Just another page of a postcard of years gone by.

Thursday, December 17, 2009

Postcards; continued.

In thinking back to all the people I met in those six short months I worked at the factory, it seems that much life learning was compressed into that span of time. These were people that would have never crossed my path in my other life; that relatively protected one which I had lived for almost 14 years. Me thinks that my lot in life would have been much less had I not spent that time at Calle Casales.
I will be back to my Puerto Rico years; my head is getting on in that direction; yet, there are at least 2 or perhaps 3 other significant short stories from that time. They might be interesting to you. Back now to finish the time I call "Rosie's Time".

Under her wing I met many people who lived in the area and were part of “her” world, as she referred to it. Some of these were true characters and some actually worked at the factory, I just had never seen them under this personal light before. We had many conversations as time went on, but these had to be done without my family or someone who could tell them finding out. Had news of these adventures reached my grandparents ears, I am sure my job would have been cut short and my visits to Calle Casales would be summarily terminated.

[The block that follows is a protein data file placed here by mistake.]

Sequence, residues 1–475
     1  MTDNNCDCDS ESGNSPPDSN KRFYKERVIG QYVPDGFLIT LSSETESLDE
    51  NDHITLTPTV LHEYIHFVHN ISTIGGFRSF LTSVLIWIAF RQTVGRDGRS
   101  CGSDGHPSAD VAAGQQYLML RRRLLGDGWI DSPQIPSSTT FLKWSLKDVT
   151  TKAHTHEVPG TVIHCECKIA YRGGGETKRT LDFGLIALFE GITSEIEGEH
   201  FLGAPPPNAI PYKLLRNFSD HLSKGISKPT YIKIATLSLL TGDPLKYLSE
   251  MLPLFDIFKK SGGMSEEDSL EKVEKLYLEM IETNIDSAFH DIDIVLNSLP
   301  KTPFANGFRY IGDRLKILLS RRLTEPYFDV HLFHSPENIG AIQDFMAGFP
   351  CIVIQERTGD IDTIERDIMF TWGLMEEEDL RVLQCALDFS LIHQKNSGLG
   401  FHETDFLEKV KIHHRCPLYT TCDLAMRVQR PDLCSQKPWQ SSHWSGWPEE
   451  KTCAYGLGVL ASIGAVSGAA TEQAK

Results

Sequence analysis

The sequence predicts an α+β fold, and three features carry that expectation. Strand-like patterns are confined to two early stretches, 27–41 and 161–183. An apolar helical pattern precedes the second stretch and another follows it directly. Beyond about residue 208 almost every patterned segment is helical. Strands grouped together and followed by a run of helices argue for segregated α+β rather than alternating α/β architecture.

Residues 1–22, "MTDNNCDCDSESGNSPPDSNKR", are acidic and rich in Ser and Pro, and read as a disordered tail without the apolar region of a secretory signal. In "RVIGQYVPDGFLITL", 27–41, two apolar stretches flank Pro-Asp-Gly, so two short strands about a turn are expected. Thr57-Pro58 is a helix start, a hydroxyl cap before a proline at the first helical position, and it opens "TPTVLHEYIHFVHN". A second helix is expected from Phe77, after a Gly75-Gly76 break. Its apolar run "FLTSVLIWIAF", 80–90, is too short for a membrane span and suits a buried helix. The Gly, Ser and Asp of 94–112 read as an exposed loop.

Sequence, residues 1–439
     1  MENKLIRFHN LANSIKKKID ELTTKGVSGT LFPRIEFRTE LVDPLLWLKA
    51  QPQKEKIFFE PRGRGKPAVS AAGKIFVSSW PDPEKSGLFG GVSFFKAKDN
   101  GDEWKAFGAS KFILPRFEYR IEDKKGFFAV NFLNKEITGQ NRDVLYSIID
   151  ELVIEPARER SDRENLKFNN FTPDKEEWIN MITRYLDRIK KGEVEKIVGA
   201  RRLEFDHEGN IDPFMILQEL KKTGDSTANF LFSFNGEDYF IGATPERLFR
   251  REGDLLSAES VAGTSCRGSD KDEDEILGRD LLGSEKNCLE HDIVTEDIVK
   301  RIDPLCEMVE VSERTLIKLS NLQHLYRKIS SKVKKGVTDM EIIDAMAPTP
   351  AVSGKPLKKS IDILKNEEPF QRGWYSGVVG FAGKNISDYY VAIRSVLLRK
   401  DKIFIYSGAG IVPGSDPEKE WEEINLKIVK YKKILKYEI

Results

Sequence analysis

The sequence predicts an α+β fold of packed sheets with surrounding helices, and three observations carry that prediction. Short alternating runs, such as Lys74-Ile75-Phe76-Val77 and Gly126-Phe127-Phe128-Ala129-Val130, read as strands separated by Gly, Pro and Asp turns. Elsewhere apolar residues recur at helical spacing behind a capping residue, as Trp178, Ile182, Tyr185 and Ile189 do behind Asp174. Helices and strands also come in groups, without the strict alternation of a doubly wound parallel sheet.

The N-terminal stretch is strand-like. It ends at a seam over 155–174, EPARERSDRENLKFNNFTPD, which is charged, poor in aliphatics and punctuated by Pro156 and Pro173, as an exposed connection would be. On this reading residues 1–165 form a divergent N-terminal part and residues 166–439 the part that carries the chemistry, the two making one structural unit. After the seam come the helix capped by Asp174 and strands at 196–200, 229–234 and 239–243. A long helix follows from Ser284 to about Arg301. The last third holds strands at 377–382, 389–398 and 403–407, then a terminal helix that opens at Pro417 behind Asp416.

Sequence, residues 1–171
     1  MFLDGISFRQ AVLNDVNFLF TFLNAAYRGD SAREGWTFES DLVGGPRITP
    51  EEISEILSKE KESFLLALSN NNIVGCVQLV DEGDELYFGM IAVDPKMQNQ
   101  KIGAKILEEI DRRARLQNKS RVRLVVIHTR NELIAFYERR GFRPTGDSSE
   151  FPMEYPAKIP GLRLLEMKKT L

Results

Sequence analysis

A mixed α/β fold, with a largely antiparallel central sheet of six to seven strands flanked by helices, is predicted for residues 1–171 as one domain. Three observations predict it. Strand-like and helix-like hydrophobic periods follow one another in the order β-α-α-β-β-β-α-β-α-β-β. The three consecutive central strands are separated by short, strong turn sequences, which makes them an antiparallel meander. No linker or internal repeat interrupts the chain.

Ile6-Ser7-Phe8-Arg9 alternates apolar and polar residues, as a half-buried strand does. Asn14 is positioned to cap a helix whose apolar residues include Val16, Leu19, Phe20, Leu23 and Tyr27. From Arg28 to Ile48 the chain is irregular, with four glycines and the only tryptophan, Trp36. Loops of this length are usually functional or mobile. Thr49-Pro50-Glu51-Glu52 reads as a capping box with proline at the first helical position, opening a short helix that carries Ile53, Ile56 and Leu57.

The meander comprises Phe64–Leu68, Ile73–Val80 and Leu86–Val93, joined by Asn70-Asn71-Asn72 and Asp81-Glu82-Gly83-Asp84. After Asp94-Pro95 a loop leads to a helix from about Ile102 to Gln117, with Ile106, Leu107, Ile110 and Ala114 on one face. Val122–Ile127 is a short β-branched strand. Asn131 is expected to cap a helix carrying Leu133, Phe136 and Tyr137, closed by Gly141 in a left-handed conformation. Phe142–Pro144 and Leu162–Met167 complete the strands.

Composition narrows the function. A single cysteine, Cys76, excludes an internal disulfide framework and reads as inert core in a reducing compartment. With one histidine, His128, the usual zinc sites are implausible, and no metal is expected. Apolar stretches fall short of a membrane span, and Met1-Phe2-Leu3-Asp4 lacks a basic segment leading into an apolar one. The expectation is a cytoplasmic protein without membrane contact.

It was a streetsmarts school. During the summer months or the week ends, when I would get together at parties with friends, the society girls would all play at being naughty and flirty, without really knowing what this meant. In my daily walking “tours” I would spend the time with those girls whose livelihood and that of their children actually depended on being able to sell their bodies and have that sex the others, usually of their same age, could only talk about as vague insinuations and in between nervous giggles. And then try to go on with life as if this was just a job, and nothing more.

Harry Chapin, the great singer songwriter of the 70's put it best when in one of his songs he talked about the girl who, being an expensive call girl, had achieved her life’s dream: she had become an actress... This self imposed emotional blindness may work for a while; but reality, being the harsh master it is, never failed to eventually grab their hearts and minds, reducing them to not much more than living human remnants.